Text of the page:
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If you allow a friend or relative to drive your vehicle, it's important for you to be aware of the insurance rules that apply to this situation.  The following tips will help you decide whether the particular car-sharing scenario you're contemplating is a good idea.

Family members

If a family member lives with you, they are probably included in your St Paul auto insurance under a state-mandated "omnibus clause."  Therefore, if your spouse drives your car, he or she will be covered even if you're the one named on your policy. There are exceptions which center around specifically high-risk drivers, such as teenagers or people with poor driving records or DUI's. In those cases, you must make sure to add their names to your policy and discuss the particular details with your insurer.

Insurance usually (but not always) follows the car

The insurance industry's word for someone to whom you lend your car is a "permissive" driver. In most cases, your insurance policy will cover a permissive driver in the same way that it would cover you, if you were the driver. This is not a simple, straightforward guarantee, however. Your particular auto insurance policy may have some unique limitations in its coverage, or it may pursue reimbursement from the driver's own policy for certain medical expenses and liability costs.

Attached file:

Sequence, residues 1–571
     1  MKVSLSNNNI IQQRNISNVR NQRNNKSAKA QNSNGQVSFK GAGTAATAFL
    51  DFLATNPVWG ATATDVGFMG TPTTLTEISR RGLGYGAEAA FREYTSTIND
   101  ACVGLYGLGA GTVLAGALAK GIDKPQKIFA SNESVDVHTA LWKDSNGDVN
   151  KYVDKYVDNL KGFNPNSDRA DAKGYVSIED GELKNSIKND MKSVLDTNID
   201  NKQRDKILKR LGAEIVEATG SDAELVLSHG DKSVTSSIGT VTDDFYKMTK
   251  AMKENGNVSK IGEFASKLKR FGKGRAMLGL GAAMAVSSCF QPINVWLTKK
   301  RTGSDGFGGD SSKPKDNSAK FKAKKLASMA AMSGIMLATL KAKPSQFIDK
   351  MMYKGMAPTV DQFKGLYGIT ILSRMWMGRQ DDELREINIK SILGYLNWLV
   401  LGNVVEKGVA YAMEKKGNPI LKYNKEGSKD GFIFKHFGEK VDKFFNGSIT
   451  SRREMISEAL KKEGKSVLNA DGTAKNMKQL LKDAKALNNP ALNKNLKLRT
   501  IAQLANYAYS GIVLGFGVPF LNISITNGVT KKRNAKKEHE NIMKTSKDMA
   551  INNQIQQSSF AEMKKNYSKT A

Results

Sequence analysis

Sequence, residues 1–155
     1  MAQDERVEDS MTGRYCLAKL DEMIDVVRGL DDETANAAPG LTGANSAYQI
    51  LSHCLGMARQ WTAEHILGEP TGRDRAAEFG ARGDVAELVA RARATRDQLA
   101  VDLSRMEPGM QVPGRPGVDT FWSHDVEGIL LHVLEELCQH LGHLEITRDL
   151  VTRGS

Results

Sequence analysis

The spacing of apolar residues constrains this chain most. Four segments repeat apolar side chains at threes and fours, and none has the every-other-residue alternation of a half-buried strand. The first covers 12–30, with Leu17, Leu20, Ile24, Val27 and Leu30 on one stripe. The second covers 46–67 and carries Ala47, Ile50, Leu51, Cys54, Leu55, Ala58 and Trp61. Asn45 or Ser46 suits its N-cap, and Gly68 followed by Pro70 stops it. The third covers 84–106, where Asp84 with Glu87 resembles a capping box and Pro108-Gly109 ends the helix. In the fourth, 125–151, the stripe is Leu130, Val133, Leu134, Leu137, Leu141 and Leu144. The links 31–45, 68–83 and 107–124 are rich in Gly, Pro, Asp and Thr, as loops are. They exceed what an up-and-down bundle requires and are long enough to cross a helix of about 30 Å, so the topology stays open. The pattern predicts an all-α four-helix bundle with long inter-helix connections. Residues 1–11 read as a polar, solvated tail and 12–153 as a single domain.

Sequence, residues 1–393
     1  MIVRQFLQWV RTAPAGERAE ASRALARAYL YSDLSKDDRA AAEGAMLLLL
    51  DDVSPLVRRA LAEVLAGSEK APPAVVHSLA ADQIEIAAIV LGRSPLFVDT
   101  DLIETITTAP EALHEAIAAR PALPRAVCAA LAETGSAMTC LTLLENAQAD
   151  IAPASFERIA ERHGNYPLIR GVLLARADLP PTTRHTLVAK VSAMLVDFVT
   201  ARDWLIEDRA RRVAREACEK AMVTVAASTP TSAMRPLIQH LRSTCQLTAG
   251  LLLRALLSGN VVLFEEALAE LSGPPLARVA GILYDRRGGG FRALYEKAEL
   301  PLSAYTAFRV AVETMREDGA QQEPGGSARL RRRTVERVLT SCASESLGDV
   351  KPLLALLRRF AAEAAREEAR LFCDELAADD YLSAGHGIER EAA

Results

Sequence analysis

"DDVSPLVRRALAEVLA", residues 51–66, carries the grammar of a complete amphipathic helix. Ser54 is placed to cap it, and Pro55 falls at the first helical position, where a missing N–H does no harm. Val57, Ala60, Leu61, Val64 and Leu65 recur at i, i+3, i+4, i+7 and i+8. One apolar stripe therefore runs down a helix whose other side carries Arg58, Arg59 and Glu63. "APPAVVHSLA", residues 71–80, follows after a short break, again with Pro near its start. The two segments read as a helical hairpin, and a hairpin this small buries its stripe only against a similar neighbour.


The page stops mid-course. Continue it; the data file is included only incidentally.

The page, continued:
There are eight states in which a permissive driver has less coverage than the person named on the policy. These states are: California, Colorado, Michigan, Missouri, Ohio, Oklahoma, Pennsylvania and Washington. If you live in one of these states, it would be a good idea to have a conversation with your insurance company before lending out your car to anyone.

Occasional loan vs. regularly scheduled sharing

If your friend's car is in the shop for repairs, and she needs to borrow your car once or twice to go shopping, your insurance company will likely be agreeable about covering her. However, if you and your neighbor decide that you'll set up a car-share arrangement whereby the neighbor uses your car on a regular schedule, you could run into major difficulties with your insurer. Not only are they likely to deny a claim arising out of scheduled car-sharing, they may also terminate your policy altogether.

The situation becomes even thornier if the person with whom you're sharing your car actually pays you. A number of new car-share services are springing up in cities across the U.S., and even though most of them carry their own insurance policies, the car owners' insurers are threatening to limit or rescind coverage.

Commercial use

If that neighbor whose car is in the shop wants to borrow your car to make some business deliveries while she's at work, your insurance may suddenly cease its coverage. Commercial use of vehicles triggers an entirely different set of insurance rules, and regular private insurance doesn't extend into the commercial zone.

Before lending your car out, make sure that the driver has a valid license, and talk with them about whether they carry any insurance of their own. Make sure the registration and insurance information are easy to locate inside your car. 

If you have more questions about letting someone else drive your car, give Lancette Agency a call at 651-264-1230.
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